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Leading SNP politician takes on cardinal who claims independence ‘against Church teaching’

A Catholic SNP MP has challenge a Spanish cardinal over comments on Catalonian independence -By RYAN MCDOUGALL

Carol Monaghan, MP for Glasgow North West, said Cardinal Antonio Cañizares Llovera of Valencia’s comments show a ‘deliberate ignorance of the drivers behind independence movements’, after he said Catholics everywhere are violating church teaching if they support pro-independence movements less than a month before the elections in Catalonia.

“It appears the Spanish establishment have a new champion in Cardinal Cañizares. I wonder what the cardinal thinks about other nations that have gained their independence. He cannot surely believe that the USA or indeed Ireland should have remained under London rule?” Ms Monaghan said. “The cardinal’s comments display a deliberate ignorance of the drivers behind independence movements.

“In Scotland these drivers include the desire for a more socially-just society, a society where refugees are welcome and nuclear weapons are not.

“As someone whose Faith has always informed my politics, it is ludicrous to suggest that I am violating Church teaching by asserting my belief that Scotland should be independent of the London-centric decision making in Westminster.

“Having seen the brutality of the Spanish police and the intransigence of the Spanish Government, the cardinal’s suggestion that the independence movement had aroused hatred, is deeply irresponsible.

“Thankfully many of the clergy had the strength of conviction to support those in Catalonia who were seeking independence peacefully through the ballot box.”

‘In democratically constituted nations, there can be no moral legitimacy for unilateral secession’, Cardinal Cañizares said in a November 29 commentary for the Madrid-based La Razon daily.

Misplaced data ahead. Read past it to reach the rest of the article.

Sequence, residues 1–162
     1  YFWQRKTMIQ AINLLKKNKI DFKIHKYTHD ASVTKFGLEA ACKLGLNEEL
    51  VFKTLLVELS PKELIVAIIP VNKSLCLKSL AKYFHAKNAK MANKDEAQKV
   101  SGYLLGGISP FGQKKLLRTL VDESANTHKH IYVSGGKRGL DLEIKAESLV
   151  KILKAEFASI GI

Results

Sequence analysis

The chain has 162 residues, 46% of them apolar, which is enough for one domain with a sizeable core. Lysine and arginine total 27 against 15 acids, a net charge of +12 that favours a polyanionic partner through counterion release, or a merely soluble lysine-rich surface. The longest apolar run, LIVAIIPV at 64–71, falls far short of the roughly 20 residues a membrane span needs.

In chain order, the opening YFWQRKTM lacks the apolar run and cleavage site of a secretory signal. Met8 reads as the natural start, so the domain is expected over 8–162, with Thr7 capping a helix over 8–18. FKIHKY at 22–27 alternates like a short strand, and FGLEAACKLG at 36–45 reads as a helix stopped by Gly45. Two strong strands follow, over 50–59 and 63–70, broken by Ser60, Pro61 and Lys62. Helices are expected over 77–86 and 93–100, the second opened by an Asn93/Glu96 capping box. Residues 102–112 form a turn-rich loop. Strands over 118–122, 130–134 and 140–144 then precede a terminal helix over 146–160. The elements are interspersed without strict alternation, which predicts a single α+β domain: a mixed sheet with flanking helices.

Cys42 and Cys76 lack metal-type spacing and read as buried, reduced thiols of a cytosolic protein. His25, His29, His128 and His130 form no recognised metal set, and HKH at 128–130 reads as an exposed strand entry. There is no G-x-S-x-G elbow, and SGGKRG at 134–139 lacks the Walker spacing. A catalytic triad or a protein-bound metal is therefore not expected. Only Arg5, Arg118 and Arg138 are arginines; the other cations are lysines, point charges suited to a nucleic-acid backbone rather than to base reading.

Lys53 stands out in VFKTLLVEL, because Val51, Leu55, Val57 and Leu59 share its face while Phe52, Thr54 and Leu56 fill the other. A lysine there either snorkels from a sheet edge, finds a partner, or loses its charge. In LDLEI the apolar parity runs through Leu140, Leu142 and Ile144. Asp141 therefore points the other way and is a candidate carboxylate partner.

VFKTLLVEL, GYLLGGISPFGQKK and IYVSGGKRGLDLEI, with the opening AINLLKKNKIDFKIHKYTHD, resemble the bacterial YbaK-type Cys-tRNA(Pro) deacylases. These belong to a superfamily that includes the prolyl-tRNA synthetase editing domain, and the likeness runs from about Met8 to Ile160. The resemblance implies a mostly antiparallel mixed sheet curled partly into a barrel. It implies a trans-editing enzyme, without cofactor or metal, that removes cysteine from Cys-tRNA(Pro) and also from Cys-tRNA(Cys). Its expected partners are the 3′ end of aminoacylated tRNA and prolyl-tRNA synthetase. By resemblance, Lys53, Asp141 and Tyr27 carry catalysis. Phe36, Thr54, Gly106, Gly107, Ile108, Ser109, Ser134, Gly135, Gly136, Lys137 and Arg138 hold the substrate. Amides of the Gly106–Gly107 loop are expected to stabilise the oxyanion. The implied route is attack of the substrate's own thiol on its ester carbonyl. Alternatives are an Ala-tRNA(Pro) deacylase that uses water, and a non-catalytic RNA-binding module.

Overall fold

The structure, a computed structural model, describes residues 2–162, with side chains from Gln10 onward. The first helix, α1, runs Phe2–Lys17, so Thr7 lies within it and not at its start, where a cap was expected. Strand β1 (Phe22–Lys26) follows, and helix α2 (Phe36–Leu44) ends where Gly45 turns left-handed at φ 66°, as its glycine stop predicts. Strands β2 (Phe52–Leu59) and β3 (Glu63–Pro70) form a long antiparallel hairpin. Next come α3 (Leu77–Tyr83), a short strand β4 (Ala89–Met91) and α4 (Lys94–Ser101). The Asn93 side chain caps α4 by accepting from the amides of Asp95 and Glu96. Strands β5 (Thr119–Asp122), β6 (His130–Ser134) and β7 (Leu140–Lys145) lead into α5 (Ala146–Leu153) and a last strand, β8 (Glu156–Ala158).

“When certain nations are linked by historical, cultural and political ties to other nations within the same state, it cannot be said that these nations necessarily enjoy a right to political sovereignty. Nations, considered in isolation, do not enjoy an absolute right to decide.”

The December 21 elections in the Catalonia region will replace the region’s Parliament. In late October, Parliament voted to unilaterally declare independence from Spain, so the Spanish prime minister invoked an article of Spain’s constitution and dissolved Catalonia’s government.

Cardinal Cañizares said the Catholic Church recognised the right of people to change the political order ‘without violence, by democratic methods’. However, he added that it was ‘morally unacceptable’ for nations to ‘claim independence unilaterally by their own will’. He said nationalist demands could only be justified ‘with reference to the common good of the entire affected population.’

“When the will to independence becomes an absolute principle of political action and is imposed at all costs and by any means, it is comparable to an idolatry that gravely undermines the moral order,” he said.

In a separate interview with La Razon, Cardinal Cañizares said he was ‘hurt’ that many Catalan clergy had backed independence, allowing referendum boxes to be hidden in their churches. He said he believed, and believed Bishop Xavier Novell Goma of Solsona, who also supported secession, had been confused and untruthful.

He added that he hoped the church would clarify the ‘non-legitimacy of secessionism in democratic countries’ to discourage nationalism in other European regions such as Scotland, Corsica and Bavaria.

“No one can claim a church basis for secessionism,” Cardinal Cañizares said. “The independence movement has aroused a hatred which didn’t exist, whereas the church will always work for unity, coexistence and harmony.”

During a November 20-24 meeting of the Spanish bishops’ conference in Madrid, the conference president, Cardinal Ricardo Blazquez Perez of Valladolid, also reiterated his church’s support for Spain’s 1978 constitution as ‘the fundamental regulation of coexistence.’


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